Trump blasts NATO allies for not paying fair share

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"This is not fair to the people and tax payers of the United States", he added.

Leaders had hoped for more, although a White House official insisted Mr Trump, by being a member of the alliance, supported NATO's collective defence clause, which stipulates an attack on one ally is an attack against all.

Trump has also been critical of the European Union, going so far as to label himself "Mr. Brexit" when Great Britain left the EU, while the nationalist movement that helped elect him in the United States has also surged across Europe, shaking the consortium.

France's President Emmanuel Macronm Belgian Prime Minister Charles Michel and Luxembourg's Prime Minister Xavier Bettel clearly looked upset by the remarks and were seen talking among themselves as Trump spoke. He noted 23 of the 28 member nations do not meet the spending guideline.

As a presidential candidate, Trump railed against NATO's financial burden-sharing, suggesting the US might only come to the defense of countries that meet the alliance's guidelines - for committing 2 percent of their gross domestic product to military spending.

Explicitly endorsing it "would be redundant", the official said.

Now, Trump does actually have a point here. He's retracted his vow to label China a currency manipulator and has lavished praise on Chinese President Xi Jinping. Only five members now meet the target: Britain, Estonia, debt-laden Greece, Poland and the United States, which spends more on defense than all the other allies combined.

While he also accused low-spending members of the alliance of owing "massive amounts of money" to NATO, Trump said he and allies would drive out militants and urged all nations to do the same. "As we raise our flags today, our alliance stands strong united and resolute", he said.

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"I said it was obsolete", Trump said.

Hours before the summit officially started, NATO Secretary-General Jens Stoltenberg announced that the military alliance will join the USA -led coalition fighting the Islamic State in Syria and Iraq. An anti-terror coordinator may also be named.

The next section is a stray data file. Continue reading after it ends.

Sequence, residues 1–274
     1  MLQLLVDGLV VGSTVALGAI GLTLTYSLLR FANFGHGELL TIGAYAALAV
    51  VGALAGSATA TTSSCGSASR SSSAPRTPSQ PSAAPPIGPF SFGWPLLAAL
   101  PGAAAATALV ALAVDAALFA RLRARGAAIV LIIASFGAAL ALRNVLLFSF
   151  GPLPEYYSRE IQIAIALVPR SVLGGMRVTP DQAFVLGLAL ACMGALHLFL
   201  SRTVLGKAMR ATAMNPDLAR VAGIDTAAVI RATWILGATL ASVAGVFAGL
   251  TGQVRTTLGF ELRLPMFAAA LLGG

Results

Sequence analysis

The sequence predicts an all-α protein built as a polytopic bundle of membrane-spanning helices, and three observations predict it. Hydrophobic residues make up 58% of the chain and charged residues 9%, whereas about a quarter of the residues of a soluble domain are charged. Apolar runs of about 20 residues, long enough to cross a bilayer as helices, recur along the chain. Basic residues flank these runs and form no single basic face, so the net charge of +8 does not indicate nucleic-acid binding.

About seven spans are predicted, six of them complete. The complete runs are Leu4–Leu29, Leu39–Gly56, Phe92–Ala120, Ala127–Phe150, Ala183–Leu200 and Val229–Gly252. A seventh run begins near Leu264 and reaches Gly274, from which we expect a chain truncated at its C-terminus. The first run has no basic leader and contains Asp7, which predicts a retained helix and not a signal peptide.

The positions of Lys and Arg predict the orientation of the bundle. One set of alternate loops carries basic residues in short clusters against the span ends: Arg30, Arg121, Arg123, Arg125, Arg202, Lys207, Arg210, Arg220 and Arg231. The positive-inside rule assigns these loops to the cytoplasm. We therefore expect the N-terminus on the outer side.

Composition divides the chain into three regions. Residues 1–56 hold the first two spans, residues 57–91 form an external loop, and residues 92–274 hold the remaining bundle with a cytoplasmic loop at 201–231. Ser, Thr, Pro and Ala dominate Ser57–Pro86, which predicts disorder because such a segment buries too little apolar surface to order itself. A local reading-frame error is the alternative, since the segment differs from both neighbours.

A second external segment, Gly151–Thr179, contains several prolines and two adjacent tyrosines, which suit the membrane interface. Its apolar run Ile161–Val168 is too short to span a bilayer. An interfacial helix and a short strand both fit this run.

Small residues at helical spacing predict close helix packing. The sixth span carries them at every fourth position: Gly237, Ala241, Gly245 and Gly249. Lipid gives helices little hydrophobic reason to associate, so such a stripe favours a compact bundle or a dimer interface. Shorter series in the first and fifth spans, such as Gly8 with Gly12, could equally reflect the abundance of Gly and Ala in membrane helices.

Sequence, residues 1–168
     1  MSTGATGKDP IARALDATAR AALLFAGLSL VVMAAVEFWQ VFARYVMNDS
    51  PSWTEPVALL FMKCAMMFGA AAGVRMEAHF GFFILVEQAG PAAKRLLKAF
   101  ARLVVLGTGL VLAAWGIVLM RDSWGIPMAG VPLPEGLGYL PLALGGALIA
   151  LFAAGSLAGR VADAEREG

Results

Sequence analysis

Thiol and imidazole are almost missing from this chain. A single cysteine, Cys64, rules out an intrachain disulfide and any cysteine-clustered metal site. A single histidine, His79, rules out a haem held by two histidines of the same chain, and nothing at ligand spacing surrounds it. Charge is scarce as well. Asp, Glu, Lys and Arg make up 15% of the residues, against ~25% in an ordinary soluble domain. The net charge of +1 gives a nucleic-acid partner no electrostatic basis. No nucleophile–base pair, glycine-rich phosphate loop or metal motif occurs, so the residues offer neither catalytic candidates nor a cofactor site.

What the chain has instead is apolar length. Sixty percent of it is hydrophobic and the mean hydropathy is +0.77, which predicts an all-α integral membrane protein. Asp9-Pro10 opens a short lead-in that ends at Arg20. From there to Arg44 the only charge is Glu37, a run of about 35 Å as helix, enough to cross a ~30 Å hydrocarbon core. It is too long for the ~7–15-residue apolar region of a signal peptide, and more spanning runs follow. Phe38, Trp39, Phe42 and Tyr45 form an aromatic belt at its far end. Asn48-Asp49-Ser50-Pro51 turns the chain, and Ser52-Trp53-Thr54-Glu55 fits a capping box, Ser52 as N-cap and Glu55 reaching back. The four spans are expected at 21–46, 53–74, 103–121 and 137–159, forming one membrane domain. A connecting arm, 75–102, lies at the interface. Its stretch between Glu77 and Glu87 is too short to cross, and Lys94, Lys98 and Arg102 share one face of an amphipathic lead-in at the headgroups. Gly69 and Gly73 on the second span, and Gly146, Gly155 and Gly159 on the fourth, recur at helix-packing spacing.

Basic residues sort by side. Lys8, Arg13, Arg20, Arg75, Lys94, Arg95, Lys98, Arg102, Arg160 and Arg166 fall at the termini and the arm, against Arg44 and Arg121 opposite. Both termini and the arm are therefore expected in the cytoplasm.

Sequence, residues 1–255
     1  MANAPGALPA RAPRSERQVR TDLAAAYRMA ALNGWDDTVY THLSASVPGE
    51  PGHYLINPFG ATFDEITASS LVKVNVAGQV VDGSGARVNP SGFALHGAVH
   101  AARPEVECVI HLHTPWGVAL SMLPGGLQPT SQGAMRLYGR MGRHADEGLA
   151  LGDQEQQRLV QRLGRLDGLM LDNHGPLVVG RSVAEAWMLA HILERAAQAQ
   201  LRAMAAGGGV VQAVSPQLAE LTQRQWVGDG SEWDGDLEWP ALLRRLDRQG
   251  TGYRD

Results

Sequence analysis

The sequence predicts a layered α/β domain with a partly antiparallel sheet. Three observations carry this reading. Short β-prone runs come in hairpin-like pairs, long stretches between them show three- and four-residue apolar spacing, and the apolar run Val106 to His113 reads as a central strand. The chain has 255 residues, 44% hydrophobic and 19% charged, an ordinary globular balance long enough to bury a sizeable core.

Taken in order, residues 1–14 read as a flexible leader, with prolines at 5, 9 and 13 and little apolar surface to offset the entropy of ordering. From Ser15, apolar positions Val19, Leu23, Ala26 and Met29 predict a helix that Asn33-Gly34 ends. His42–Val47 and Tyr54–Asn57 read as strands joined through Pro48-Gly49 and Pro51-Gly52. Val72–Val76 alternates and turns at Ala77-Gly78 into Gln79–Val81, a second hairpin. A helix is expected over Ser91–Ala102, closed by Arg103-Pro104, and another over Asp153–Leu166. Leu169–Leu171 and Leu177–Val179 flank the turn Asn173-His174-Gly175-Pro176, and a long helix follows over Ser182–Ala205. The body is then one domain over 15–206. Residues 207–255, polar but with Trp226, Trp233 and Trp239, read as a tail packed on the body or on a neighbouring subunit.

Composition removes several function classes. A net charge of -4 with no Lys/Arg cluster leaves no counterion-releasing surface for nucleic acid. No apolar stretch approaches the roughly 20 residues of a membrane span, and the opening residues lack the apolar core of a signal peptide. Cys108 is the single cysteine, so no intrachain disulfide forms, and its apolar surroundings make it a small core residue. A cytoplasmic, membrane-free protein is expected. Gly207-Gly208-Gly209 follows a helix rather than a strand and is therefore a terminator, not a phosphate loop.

Nor would the Prime Minister say whether he had any concerns about Mr. Trump sharing highly classified intelligence - reportedly from Israel - with Russian Foreign Minister Sergey Lavrov during a meeting in the Oval Office earlier this month.

Trump advisers vigorously contest the idea that the president's more measured tenor overseas is the result of significant staff intervention, arguing that the president himself is behind the approach for his first foreign trip. The sensitive intelligence was printed in the New York Times.

Tusk said in a televised statement after the meeting with Trump that trade was one of the issues that remained "open".

Trump's harsh words came despite North Atlantic Treaty Organisation saying it would formally endorse joining the US-led coalition against IS at the summit, in the face of reservations in France and Germany about getting involved in another conflict.

Tusk also said that "Some issues remain open like climate and trade", where the European Union is pushing for full respect of the Paris Agreement on climate and open multilateral trade deals. He said unity must be found around values like freedom and human rights and dignity.

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